High-potency cannabis use is associated with an increased risk of addiction – mental health problems


As the strength or potency of cannabis products has increased internationally over the years, so have rates of people being treated for cannabis addiction, say the authors of a new study.

Researchers from the Addiction and Mental Health Group at the University of Bath (UK) systematically analysed the relationship between the types of cannabis people use and their addiction and mental health problems. Their work draws on 20 studies involving almost 120,000 people.

After alcohol and nicotine, cannabis is the most widely used drug globally. Latest estimates from the UK suggest that over the last year around one in five 16-24 year olds had used cannabis.

Cannabis potency refers to the concentration of tetrahydrocannabinol (THC) in cannabis – the key psychoactive drug it contains. Recent studies from the same team at Bath have found that the concentration of THC in cannabis has increased significantly over time meaning that cannabis used today is typically much stronger than previously.

The new study, published in The Lancet Psychiatry, suggests that people who use high potency cannabis are more likely to experience addiction than those using low potency products. It also suggests that people using high potency cannabis are more likely to experience a psychotic disorder, such as schizophrenia.

These findings may help to explain why more people have received treatment for cannabis problems over recent years. Data from the European Monitoring Centre for Drugs and Drug Addiction show a 76% increase in people entering treatment for cannabis addiction in the past decade.

Based on these new results, the authors argue that public health guidelines and policies to help make cannabis use safer should be encouraged.

Lead author, Kat Petrilli from the University of Bath’s Department of Psychology explained: “Our systematic review found that people who use higher potency cannabis could be at increased risks of addiction as well as psychosis when compared to people who use cannabis products with lower potencies.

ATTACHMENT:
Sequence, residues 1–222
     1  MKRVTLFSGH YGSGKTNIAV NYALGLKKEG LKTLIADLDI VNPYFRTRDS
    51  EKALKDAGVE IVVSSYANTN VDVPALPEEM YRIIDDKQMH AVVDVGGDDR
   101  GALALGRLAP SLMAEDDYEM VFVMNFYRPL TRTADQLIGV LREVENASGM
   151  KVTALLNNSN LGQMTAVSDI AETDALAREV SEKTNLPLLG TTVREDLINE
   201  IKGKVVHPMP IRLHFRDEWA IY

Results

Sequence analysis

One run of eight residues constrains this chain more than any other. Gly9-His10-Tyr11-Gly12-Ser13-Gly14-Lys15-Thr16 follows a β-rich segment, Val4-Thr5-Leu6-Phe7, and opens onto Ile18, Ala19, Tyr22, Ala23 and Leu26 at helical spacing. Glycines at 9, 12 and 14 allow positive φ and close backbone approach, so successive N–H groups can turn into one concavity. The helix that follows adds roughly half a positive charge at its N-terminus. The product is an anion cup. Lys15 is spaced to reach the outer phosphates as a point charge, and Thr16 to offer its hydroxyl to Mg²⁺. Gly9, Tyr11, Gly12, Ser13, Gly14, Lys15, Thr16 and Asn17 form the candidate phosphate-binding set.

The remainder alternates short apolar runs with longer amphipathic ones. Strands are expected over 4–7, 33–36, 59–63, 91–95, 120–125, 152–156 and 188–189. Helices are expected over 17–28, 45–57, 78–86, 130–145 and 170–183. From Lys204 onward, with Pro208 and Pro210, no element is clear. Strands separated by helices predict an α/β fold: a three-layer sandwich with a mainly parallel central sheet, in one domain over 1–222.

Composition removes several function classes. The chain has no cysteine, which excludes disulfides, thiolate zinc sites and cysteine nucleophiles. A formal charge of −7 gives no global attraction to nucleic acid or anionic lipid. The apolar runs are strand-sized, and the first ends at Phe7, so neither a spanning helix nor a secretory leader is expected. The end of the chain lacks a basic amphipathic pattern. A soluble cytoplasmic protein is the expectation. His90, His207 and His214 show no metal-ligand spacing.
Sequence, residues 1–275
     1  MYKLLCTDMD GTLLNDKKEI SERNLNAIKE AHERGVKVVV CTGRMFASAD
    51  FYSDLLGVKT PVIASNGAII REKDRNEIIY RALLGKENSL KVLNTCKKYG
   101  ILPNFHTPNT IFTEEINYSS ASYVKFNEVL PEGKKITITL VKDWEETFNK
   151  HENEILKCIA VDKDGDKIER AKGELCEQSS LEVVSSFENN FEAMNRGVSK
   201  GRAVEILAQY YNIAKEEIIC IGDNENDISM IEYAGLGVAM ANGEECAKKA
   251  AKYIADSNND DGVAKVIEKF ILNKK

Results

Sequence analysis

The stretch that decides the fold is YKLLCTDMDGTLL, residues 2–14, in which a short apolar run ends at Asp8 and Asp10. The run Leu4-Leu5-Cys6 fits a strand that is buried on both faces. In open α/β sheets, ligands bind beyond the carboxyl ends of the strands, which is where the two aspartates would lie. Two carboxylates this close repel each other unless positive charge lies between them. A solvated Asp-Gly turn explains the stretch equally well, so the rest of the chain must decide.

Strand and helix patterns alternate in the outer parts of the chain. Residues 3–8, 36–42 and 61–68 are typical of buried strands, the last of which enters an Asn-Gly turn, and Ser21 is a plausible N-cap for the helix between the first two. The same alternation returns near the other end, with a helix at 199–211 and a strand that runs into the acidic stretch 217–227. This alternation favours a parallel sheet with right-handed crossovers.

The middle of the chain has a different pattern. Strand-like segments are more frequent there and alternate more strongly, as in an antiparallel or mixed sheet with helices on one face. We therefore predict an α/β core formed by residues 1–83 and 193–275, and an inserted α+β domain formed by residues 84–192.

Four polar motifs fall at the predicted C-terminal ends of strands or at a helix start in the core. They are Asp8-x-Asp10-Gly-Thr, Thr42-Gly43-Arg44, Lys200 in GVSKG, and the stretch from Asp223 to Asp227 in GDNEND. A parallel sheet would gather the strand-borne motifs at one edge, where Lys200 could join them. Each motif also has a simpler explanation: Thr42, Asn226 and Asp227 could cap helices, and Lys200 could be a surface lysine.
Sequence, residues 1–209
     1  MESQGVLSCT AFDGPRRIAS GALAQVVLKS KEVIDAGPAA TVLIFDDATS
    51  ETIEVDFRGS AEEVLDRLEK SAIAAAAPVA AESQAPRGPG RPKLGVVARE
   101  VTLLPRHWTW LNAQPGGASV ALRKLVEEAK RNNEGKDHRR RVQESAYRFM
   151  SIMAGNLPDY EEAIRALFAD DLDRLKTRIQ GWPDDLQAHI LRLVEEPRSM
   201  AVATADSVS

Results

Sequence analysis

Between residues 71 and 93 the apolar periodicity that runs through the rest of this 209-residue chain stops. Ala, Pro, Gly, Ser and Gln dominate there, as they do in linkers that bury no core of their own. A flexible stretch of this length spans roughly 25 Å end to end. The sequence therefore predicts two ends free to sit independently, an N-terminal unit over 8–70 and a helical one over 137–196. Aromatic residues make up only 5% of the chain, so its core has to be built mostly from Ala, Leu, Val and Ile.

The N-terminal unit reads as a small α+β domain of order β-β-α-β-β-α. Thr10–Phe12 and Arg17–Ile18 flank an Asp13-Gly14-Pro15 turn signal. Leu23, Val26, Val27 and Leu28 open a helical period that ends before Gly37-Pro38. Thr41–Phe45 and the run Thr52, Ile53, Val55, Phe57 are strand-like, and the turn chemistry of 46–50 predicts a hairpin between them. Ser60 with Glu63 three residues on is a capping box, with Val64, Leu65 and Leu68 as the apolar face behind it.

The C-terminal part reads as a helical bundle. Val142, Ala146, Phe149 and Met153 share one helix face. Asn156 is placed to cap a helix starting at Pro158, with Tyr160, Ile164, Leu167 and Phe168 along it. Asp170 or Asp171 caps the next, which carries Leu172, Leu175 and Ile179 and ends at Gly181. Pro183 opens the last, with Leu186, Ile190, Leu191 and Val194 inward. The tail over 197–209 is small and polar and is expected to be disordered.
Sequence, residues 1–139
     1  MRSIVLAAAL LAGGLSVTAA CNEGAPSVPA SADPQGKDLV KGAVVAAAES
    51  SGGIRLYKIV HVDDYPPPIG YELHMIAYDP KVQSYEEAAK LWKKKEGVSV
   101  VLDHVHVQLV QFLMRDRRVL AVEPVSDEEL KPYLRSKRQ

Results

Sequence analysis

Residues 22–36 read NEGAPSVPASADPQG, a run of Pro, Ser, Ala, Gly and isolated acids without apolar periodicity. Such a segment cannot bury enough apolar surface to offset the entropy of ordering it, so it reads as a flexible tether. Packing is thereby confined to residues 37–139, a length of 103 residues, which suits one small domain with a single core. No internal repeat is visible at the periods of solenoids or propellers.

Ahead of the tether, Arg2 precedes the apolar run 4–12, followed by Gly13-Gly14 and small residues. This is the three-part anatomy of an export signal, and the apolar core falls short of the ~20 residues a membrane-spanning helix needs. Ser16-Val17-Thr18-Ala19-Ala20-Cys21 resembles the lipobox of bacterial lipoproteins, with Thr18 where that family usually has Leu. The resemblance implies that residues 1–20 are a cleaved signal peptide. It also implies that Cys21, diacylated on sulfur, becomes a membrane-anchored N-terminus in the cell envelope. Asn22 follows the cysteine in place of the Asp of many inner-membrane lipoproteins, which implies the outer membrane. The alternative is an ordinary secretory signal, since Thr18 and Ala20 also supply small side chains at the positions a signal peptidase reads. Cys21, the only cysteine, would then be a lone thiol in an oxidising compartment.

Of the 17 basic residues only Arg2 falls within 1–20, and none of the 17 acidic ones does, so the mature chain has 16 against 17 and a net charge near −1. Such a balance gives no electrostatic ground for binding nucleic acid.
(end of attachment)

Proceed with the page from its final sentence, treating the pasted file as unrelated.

“These results are important in the context of harm reduction which aims to minimise the negative consequences associated with drug use. While the safest level of use for cannabis is of course ‘no use’, it is important to acknowledge that a significant number of people across the world use cannabis regularly and to ensure they can make informed decisions that could reduce any possible harms associated with it.”

The authors point out that strategies to make cannabis use safer could inform how the drug is regulated in the UK and internationally. Recreational cannabis use remains illegal in the UK, but cannabis products are now legally sold for recreational use in Canada, Uruguay, and parts of the USA.

Several other countries appear set to follow this trend, including Germany. In the UK, the Liberal Democrats have argued that a legal regulated market could make cannabis use safer by enforcing a limit on the potency of cannabis products, and investing the revenue and savings from this into education and treatment for cannabis problems.

Senior author, Dr Tom Freeman explained: “Our findings suggest that people who use cannabis could reduce their risk of harm by using lower potency products. In places where cannabis is legally sold, providing consumers with accurate information on product content and access to lower potency products could help people to use cannabis more safely.”

Despite anecdotal evidence of links between cannabis and anxiety and depression, the authors note that the links between cannabis potency and other mental health problems are unclear.

The present study restricts analyses to individuals who have used different forms of cannabis to inform understanding of the implications of the proliferation of high-potency cannabis in legal markets.4,5 In a general population sample of young people in the UK, individuals who use high-potency cannabis (compared with those using lower-potency forms of cannabis) are more likely to be using cannabis regularly, more likely to report having recently experienced problems associated with their cannabis use, and more likely to concurrently be experiencing use of other illicit drugs, tobacco dependence, AUD, generalized anxiety disorder, and PEs.